Conference Paper

Professionalising positive psychology: Is there a need to develop guidelines for training and regulation?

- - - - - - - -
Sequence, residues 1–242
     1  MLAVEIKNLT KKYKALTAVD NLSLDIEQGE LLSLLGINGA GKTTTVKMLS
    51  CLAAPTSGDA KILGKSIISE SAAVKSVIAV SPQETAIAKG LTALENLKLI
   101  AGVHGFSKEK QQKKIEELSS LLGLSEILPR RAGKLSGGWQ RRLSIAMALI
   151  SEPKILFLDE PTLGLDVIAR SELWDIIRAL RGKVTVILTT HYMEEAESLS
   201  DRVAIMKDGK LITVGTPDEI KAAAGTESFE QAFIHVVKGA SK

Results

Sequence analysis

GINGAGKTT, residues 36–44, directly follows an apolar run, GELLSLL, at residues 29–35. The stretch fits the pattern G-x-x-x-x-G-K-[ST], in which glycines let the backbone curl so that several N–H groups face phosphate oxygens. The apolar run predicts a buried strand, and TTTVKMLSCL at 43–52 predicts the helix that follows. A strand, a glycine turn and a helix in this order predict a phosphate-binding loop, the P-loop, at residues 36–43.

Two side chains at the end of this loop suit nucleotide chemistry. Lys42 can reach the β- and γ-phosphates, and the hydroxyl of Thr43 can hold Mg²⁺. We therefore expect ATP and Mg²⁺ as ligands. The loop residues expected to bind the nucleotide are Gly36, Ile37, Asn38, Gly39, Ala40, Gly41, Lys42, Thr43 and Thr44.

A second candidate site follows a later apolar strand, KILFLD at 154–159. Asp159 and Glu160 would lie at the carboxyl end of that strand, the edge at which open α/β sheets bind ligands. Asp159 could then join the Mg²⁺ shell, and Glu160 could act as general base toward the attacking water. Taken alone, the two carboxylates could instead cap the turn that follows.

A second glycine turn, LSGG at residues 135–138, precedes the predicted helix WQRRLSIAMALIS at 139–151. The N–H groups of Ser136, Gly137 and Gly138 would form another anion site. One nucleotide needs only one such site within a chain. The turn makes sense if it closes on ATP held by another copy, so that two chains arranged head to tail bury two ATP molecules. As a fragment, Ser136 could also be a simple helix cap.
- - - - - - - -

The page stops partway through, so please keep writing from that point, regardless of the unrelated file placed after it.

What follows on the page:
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Although positive psychology was initially conceived as more a shift in perspective (towards the “positive”) than a new field per se, in pragmatic terms, it is arguably beginning to function as a distinct discipline, with people self-identifying as “positive psychologists.” Thus, this conversation hour explores whether it is time for the field to start developing a system of professional (e.g., ethical) guidelines to inform the practice of positive psychology. This means asking questions around who has the ‘right’ to practice positive psychology, and how best practice can be supported and upheld. In the first half of the hour, the discussion will be focused around one set of proposals in which the field might be professionalised and regulated. Specifically, the panel will consider a paper by Tim Lomas and Itai Ivtzan that, at the time of writing this, is forthcoming in the International Journal of Wellbeing [Lomas, T., & Ivtzan, I. (2016). Professionalising positive psychology: Developing guidelines for training and regulation. International Journal of Wellbeing.]. This paper outlines one possible system of professionalization (e.g., the development of ethical protocols), drawing on guidelines in counselling and psychotherapy. Moreover, it advocates the creation of two tiers of professional identity within positive psychology. Firstly, people with a master’s qualification in positive psychology might label themselves “positive psychology practitioners.” Secondly, the paper raises the possibility of creating a professional doctorate in PP which would enable graduates to assume the title of “positive psychologist.” This paper will be used as a starting point for a discussion, in which the various panel members – which together have a range of perspectives on the issues in question – can debate these timely and important issues. Then, in the second half of the hour, the discussion shall be opened up (i.e., away from the paper specifically), allowing for questions, and interaction with the audience. As such, we hope that the discussion hour as a whole will contribute towards a dialogue within the field around issues such as ethics, regulation, and accreditation, thus helping positive psychology to develop further over the years ahead.

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